Some great stops along the way are Timpanogos Cave National Monument (reservations recommended), Cascade springs ( 7.5 mile detour) rated for all abilities, Sundance Ski Resort for lift rides and other activities, and Bridal Veil Falls which has an all accessible paved path (in Provo Canyon). The Alpine loop is a popular hiking destination with many trails. I recommend Stewart Falls (3.4 miles RT – moderate) and Primrose Overlook (3.6 miles RT – moderate).

Mirror Lake Highway (Highway 150)

Aspens near Beaver Creek trail

This road bisects the Uinta mountain range from Kamas, UT to Evanston, WY, and is known for its many alpine lakes, many of which are accessible right off the main road. It may be chilly, but you can take a canoe or kayak out on the water to enjoy the aspens clinging to the sides of the surrounding peaks. A great scenic stop is the Provo River Falls, located about 23.5 miles from Kamas. Great easy walks include the signature Mirror Lake trail (1.5 miles around the lake) and the Crystal Lake trail (.3 miles). Looking for a little more challenge. Hike the short but steep trail to the summit of Bald Mountain (3 miles RT) for a birds-eye view of the area.

Mount Nebo Loop (Forest Road 015)

Scrub oak and aspens on trail

This scenic byway runs 38 miles around the Wasatch Front’s tallest peak. Witness the contrasting colors of oak with junipers and aspens along with spruce and fir. Take the time to enjoy the scenic pullouts and definitely don’t miss the Devil’s Kitchen scenic overlook, which is like a mini-Bryce Canyon. Also of note is the Gotto Falls hiking trail (.6 miles RT) and Payson Lakes.

State Highway 25 to Fish Lake

Home to the world’s largest organism, the aspen tree Pando. This colony of aspen trees originated from one seed and has over 40,000 trees with a shared root system. It makes for some amazing yellow and gold quaking leaves in autumn. Continue the drive to the lake and the overlooks to enjoy vistas of Thousand Lakes, Boulder, and the Henry Mountains.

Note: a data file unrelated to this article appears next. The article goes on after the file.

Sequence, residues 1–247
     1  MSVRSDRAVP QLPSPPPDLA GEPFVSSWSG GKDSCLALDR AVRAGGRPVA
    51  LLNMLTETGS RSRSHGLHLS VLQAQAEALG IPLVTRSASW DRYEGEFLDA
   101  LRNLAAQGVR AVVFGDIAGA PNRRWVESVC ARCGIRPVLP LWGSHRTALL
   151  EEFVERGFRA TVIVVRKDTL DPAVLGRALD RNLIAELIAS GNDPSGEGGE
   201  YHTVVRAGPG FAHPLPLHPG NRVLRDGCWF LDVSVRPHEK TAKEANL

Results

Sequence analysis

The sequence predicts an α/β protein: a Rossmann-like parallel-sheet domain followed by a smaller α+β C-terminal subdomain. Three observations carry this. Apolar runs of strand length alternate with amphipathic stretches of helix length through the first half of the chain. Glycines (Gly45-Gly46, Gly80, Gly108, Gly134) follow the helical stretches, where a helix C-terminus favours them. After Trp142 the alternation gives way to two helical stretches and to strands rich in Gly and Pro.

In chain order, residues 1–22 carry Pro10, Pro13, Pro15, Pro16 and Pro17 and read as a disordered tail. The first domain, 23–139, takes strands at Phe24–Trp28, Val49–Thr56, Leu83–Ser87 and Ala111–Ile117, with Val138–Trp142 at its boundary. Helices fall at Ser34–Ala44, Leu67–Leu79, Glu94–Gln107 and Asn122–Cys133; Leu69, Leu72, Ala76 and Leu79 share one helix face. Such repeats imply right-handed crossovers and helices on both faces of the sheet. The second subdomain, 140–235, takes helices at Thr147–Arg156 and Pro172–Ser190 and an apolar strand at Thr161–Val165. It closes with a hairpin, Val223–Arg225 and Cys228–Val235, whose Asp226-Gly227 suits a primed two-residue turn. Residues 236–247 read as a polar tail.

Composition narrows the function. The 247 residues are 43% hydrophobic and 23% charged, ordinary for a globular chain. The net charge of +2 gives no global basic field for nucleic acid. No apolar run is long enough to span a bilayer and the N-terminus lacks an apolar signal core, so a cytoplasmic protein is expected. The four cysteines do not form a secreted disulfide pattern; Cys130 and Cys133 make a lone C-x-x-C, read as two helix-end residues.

Huntington Canyon (State Highway 31)

Beaver Pond in late Autumn

This canyon is mainly known for it’s fishing, camping and ATV trails. It’s real gem is the access to the Skyline drive, a dirt high clearance 4WD or ATV road that sits at 10,000 ft and affords 360 views for 80 miles! That’s a lot of fall colors. Best hike recommendation is the Gordon Falls trail (2.5 miles RT).

Maples on canyon trail

La Sal Mountains

Eight miles south of Moab take a left at the La Sal mountains scenic byway loop sign. You’ll travel a narrow, winding road for 60 miles (no RVs or trailers). Enjoy the yellow quaking aspens and the orange and reds of gambel oak. Take in the views on trails such as Squaw Springs trail (8.6 miles RT), Hazard County (6 miles RT), or the Warner to Oowah Lake (4 miles RT). As you descend down off the mountain make sure to stop at the desert overlook to take in the views of Canyonlands NP and Moab.

Highway 12 on Boulder Mountain

All American Road: Highway 12

Known as an all-American road and touted by many as the most scenic drive, fall colors is not the first thing that comes to mind when thinking about this drive. You can take in stellar shows of aspens driving over Boulder mountain and the showy cottonwoods down in some of the lower elevations of the drive. Calf Creek Falls (6 miles RT) has brilliant golds and Pine Creek Box Canyon near Escalante is a riparian oasis with reds, oranges and yellows (9 mile through hike).

Pine Creek Box Canyon

Highway 14 From Cedar City to Long Valley

Drive this 41 miles of gold and yellow aspens contrasting with verdant green spruces and pines. Make sure to stop and have a picnic and with views at Navajo lake, Strawberry Point (which actually overlooks a red rocks amphitheater) or take a detour to Cedar Breaks National Monument. All afford incredible views and the changing colors of the high alpine forest.

Yellow and Gold aspens off the highway

So which scenic drives have you done and which ones would you like to try? Let me know in the comments.

Looking for more fall adventures? Check out my post about Capitol Reef National Park.